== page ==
Assessment of the Potential of Introduction, Establishment and Further Spread of Invasive Alien Plant Species of European Union Concern in Lithuania

Zigmantas Gudžinskas 1 , Egidijus Žalneravičius 1 , and Lukas Petrulaitis 1
  • 1 Nature Research Centre, Institute of Botany, , LT-08406, Vilnius, Lithuania

Abstract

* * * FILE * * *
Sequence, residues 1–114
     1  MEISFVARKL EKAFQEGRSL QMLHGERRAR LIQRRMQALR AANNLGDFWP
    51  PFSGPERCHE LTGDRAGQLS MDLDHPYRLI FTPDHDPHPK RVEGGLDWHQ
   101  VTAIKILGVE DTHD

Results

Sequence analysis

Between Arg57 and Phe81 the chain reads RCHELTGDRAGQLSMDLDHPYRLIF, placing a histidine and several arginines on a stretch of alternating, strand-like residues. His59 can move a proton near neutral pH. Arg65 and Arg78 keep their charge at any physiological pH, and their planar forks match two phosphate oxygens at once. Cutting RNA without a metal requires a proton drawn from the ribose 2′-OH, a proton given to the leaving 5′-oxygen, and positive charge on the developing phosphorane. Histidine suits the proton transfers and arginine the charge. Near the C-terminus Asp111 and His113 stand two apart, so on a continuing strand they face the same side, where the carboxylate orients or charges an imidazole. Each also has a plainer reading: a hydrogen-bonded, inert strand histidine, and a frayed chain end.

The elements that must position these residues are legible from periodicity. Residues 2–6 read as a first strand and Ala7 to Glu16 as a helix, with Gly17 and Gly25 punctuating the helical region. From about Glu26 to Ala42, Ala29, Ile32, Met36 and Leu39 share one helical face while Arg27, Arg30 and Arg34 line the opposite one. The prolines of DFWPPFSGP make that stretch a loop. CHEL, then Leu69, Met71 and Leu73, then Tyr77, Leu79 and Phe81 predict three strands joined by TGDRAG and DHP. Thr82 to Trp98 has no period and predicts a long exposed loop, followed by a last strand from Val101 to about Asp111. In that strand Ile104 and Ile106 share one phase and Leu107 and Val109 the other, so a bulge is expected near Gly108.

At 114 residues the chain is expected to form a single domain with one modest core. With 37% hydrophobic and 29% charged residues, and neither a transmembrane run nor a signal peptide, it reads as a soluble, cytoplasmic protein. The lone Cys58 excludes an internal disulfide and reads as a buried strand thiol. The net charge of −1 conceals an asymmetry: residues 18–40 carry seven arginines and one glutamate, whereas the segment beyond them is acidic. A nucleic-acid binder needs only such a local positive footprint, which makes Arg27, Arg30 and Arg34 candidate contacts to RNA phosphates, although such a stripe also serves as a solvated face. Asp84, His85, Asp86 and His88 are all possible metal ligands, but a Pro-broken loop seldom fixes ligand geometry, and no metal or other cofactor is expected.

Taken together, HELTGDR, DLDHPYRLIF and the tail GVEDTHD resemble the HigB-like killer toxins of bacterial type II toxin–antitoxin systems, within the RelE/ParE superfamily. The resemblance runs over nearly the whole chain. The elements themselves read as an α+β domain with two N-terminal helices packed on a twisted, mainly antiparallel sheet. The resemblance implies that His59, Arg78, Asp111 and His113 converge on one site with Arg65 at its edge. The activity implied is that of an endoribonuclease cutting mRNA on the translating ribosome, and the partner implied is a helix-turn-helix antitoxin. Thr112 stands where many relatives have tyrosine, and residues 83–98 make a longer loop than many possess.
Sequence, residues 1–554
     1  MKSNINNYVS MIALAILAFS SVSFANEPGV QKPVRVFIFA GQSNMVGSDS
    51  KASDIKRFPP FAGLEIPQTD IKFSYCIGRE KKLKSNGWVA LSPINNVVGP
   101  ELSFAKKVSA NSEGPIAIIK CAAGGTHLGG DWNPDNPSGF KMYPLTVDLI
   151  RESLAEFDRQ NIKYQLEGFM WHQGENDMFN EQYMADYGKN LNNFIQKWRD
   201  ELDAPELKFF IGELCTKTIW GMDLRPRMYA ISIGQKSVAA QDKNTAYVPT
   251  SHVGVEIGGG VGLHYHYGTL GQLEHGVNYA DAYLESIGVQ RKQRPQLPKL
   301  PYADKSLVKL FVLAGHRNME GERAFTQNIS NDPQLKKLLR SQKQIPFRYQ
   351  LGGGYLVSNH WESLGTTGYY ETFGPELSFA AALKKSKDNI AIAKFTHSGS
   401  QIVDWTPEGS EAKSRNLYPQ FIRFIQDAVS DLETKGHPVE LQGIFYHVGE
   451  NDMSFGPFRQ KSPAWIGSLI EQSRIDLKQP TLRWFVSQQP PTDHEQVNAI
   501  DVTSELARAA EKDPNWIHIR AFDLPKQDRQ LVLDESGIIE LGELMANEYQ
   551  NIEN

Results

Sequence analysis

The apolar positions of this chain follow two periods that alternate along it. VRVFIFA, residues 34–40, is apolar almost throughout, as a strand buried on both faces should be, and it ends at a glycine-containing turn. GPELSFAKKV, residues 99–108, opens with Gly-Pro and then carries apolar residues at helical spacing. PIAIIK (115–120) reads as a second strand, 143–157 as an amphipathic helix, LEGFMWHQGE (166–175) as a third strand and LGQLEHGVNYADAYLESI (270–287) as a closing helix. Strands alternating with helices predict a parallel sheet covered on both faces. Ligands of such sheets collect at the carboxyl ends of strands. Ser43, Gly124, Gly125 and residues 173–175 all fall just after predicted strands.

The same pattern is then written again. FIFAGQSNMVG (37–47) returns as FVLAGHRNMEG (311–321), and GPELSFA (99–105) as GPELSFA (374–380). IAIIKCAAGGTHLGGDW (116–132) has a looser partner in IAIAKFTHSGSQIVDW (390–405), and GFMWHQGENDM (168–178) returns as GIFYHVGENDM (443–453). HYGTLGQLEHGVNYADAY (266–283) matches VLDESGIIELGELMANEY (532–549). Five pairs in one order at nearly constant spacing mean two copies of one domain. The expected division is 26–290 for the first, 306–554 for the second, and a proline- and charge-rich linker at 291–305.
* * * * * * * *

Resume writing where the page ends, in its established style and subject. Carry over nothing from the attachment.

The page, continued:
The list of invasive alien species of European Union concern currently includes 23 plant species. The aim of this study was to assess the potential and importance of introduction pathways for invasive alien plant species in Lithuania, to estimate probability of their establishment and further spread in the country. Analysis of all available information revealed that three species (Asclepias syriaca, Heracleum sosnowskyi and Impatiens glandulifera) currently occur in Lithuania and the latter two are widespread invasive species in the country. The remaining 20 plant species have not been registered in the wild in Lithuania so far. Four of these, Gunnera tinctoria, Lysichiton americanus, Myriophyllum aquaticum and Pennisetum setaceum, are occasionally cultivated in gardens or other outdoor areas, and six species, e.g. Cabomba caroliniana, Eichhornia crassipes, Lagarosiphon major, are cultivated in aquaria or other indoor spaces. Naturalization of seven species is unlikely in the country, whereas naturalization of 13 species (Lysichiton americanus, Myriophyllum aquaticum, Pennisetum setaceum, etc.) is plausible. Five of the analysed and still not recorded species are recognized as potentially invasive in Lithuania; the invasion of five species is plausible and that of 10 species is unlikely. The most important pathway of introduction of the analysed species is ornamental gardening. Three species that have not been recorded in Lithuania, but occur in the neighbouring regions of Europe (Elodea nuttallii, Heracleum mantegazzianum, Heracleum persicum) can enter the country by natural means. Importance of permanent studies and surveys on alien plants aiming to ensure early detection and eradication of invasive species is discussed.

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